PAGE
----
Is CAATSA Waiver & P8I Favoring F-18 against Rafale-M?

The Rafale Marine aircraft and the F-18 Super Hornet are the two contenders in the race, with at least 26 aircraft to be purchased under the Indian Navy’s ongoing Multi Role Carrier Borne Fighters programme and the initial requirement of 57 aircrafts creating the potential for acquiring greater numbers. The trials are over, and the Indian Navy has received all of the information from the tests carried out at the shore-based test facility in Goa. Because INS Vikrant, India’s second aircraft carrier, is anticipated to be commissioned into service on August 15, 2022, there is not much time left to select an aircraft and place orders.

According to a recent source that is favourable to the F-18 fighter jet’s chances, the aircraft not only completed the shore-based trials successfully, but it also did so with payloads that exceeded the Indian Navy’s specifications for ski jump take off. With a total weight of 1100kg and two AGM-84 Harpoon missiles, each weighing 550kg, the aircraft took off from the testing facility’s ski jump. Due to the Rafale-inability M’s to fold its wings, fitting it into the elevators of INS Vikrant is more difficult than it is for the F-18.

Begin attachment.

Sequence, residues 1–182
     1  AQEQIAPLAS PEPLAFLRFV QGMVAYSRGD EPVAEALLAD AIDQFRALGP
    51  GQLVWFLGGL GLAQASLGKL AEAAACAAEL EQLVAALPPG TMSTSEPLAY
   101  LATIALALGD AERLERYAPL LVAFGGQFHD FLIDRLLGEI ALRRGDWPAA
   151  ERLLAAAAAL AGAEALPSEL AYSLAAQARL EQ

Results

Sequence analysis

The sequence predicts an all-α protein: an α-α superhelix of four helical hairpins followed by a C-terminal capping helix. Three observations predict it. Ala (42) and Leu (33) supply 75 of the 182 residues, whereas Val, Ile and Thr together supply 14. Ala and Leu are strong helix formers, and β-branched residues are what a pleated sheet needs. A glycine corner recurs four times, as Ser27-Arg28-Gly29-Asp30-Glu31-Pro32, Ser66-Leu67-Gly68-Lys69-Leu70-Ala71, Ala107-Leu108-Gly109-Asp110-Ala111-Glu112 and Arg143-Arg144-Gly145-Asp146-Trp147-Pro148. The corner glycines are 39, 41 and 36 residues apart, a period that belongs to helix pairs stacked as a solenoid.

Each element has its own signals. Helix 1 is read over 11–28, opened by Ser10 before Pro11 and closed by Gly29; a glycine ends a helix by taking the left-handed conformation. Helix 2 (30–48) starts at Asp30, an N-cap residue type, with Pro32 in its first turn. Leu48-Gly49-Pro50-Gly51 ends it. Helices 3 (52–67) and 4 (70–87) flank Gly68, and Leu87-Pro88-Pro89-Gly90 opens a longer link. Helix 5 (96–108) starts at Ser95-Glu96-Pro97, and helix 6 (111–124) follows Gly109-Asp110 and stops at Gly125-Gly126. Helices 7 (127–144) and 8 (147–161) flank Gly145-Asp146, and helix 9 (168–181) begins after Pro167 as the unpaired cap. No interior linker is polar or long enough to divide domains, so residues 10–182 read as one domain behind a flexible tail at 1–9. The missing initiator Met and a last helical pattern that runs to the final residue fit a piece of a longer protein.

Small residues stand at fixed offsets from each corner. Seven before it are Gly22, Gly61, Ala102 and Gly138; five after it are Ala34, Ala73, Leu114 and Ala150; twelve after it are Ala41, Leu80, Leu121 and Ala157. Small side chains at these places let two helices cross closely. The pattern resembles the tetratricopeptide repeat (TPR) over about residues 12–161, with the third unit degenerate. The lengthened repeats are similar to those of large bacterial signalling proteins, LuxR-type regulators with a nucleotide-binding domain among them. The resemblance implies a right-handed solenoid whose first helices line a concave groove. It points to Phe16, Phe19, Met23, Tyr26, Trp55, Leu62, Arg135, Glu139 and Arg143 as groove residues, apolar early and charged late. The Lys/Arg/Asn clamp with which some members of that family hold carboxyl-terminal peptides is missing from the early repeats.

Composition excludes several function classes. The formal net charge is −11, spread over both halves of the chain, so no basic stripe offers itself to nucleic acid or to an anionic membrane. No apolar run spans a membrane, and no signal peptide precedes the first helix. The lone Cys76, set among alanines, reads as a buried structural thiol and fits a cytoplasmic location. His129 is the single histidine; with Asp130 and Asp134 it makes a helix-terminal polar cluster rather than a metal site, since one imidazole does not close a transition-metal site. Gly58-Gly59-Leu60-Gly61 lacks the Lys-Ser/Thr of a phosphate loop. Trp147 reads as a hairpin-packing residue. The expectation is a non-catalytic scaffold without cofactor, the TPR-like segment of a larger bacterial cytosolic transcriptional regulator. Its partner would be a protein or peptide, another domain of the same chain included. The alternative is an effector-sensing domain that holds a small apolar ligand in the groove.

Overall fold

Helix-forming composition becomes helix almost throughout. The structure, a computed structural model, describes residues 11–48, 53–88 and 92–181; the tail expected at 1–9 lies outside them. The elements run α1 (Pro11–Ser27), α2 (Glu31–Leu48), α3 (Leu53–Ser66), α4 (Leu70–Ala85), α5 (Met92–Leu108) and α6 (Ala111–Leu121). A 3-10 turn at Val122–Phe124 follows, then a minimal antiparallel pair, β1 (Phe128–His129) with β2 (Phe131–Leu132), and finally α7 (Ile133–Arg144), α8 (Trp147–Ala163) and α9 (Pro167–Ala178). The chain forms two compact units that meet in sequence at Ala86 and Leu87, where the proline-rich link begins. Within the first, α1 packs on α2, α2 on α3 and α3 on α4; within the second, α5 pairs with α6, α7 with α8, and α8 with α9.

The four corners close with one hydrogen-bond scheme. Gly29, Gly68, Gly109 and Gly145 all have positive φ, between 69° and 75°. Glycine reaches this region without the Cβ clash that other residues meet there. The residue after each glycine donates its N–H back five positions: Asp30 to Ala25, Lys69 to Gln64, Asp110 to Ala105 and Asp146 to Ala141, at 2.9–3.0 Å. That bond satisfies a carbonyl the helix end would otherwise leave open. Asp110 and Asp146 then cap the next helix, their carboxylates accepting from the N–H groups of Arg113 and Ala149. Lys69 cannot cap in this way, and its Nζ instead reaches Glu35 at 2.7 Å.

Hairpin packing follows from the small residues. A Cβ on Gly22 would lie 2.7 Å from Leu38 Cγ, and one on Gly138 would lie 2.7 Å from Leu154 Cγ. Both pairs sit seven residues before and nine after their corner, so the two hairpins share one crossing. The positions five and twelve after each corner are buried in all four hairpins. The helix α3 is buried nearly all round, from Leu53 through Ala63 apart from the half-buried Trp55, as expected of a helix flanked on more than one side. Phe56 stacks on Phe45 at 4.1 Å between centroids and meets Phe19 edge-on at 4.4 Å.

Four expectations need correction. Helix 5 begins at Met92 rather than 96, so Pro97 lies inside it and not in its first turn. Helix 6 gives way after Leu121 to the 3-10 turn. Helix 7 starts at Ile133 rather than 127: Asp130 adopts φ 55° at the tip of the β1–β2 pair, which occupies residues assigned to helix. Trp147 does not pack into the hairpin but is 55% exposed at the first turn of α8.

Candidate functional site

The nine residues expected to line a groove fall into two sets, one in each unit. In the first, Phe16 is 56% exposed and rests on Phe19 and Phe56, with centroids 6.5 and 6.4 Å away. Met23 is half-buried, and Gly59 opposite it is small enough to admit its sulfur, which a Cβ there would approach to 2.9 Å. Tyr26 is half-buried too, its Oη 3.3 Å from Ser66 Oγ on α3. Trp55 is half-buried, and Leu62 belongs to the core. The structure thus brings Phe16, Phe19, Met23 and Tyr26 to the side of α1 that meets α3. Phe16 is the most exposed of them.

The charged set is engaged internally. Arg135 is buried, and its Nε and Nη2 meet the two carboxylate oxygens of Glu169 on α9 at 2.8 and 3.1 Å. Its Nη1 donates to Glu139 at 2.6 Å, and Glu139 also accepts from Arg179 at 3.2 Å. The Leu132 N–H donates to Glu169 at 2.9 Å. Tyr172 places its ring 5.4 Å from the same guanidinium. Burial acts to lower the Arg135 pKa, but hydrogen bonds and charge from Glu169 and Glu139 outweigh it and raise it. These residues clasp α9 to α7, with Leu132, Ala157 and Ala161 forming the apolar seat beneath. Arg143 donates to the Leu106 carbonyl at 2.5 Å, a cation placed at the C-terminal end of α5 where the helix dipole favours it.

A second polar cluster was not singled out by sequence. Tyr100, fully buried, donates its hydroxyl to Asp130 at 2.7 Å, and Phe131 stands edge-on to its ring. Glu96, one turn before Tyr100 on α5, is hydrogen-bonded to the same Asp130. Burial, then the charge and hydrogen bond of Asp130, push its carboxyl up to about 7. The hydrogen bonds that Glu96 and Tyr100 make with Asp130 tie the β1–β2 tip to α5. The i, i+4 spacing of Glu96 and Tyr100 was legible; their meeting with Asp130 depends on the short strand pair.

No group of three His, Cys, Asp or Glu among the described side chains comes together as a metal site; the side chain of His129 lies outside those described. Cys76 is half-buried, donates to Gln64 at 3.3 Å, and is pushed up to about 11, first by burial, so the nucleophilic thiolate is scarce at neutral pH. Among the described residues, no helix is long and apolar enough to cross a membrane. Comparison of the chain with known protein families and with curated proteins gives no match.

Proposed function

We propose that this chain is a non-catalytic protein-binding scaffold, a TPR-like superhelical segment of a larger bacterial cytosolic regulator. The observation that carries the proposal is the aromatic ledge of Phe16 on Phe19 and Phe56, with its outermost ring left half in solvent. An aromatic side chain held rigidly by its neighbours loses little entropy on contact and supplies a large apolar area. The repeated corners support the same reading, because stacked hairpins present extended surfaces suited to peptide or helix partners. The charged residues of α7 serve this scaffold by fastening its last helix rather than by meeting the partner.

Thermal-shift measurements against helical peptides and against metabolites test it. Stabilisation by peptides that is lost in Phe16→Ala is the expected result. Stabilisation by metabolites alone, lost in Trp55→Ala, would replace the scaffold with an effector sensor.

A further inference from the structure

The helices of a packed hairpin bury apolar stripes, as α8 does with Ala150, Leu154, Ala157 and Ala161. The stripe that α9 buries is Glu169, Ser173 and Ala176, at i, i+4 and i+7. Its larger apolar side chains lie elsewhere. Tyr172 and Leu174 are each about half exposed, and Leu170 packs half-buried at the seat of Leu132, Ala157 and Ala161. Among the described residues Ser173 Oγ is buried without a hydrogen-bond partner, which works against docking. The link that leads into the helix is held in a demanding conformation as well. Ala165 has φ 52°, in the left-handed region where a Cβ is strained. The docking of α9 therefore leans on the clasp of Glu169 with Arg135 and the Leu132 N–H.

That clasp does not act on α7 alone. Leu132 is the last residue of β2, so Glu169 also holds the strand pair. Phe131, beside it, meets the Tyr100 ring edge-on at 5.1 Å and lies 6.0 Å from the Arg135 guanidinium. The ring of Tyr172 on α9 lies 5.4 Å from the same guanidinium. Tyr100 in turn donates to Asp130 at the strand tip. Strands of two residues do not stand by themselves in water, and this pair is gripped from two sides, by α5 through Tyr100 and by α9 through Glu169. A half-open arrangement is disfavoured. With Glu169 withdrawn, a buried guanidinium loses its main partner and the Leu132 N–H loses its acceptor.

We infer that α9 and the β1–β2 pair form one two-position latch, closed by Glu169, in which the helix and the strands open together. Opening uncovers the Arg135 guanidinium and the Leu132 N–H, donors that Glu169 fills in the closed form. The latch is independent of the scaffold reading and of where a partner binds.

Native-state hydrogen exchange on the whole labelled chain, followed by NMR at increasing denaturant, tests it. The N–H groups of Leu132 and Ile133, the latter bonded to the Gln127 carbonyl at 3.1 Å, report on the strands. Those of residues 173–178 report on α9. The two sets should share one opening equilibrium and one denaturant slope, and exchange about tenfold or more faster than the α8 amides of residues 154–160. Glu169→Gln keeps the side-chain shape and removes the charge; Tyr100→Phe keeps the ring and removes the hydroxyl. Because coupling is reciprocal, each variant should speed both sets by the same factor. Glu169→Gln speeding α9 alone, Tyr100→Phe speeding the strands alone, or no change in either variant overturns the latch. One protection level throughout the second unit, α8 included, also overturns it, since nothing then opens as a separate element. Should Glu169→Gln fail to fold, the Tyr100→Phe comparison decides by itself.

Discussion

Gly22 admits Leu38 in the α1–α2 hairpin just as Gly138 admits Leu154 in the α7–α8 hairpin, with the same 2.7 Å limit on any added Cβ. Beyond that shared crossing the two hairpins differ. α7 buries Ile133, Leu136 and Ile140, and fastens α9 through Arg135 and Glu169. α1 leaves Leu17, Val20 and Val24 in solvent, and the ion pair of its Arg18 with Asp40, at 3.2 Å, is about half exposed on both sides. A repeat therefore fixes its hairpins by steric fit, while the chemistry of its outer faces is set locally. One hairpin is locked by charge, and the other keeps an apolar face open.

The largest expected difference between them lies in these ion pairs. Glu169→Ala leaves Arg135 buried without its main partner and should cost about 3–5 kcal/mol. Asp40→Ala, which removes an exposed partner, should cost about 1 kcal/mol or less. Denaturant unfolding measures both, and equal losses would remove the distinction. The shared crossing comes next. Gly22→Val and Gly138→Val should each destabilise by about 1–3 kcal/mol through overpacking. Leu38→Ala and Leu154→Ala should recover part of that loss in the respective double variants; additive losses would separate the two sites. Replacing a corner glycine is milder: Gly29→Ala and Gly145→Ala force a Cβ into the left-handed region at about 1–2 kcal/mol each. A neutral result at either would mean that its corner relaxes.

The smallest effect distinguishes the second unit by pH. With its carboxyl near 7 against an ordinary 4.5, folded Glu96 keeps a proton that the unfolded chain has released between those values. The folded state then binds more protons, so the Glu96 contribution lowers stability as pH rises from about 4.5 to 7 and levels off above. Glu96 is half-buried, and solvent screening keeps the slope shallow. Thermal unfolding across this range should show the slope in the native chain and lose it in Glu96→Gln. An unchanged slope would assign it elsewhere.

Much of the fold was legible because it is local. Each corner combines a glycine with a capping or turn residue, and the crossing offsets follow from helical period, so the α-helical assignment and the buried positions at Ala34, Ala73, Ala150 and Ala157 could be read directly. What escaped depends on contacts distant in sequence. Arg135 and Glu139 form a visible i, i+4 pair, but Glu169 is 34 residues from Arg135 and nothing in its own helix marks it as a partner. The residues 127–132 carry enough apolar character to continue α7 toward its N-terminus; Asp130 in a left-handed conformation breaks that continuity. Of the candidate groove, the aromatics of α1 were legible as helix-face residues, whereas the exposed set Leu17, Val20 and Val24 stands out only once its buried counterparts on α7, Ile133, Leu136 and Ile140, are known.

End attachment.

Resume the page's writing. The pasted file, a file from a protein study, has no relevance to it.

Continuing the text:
While the F-18 can reduce its wingspan to 30.5 feet after folding its wings, making it 5 feet shorter than the Rafale M, the Rafale M has a wingspan of 35 feet 9 inches, which is smaller than the Super Hornets’ 44 feet 8.5 inches. Additionally, the F-18’s attraction is increased by the fact that it shares armaments and engines with Indian aircraft.

While the F-18 can reduce its wingspan to 30.5 feet after folding its wings, making it 5 feet shorter than the Rafale M, the Rafale M has a wingspan of 35 feet 9 inches, which is smaller than the Super Hornets’ 44 feet 8.5 inches. Additionally, the F-18’s attraction is increased by the fact that it shares armaments and engines with Indian aircraft.

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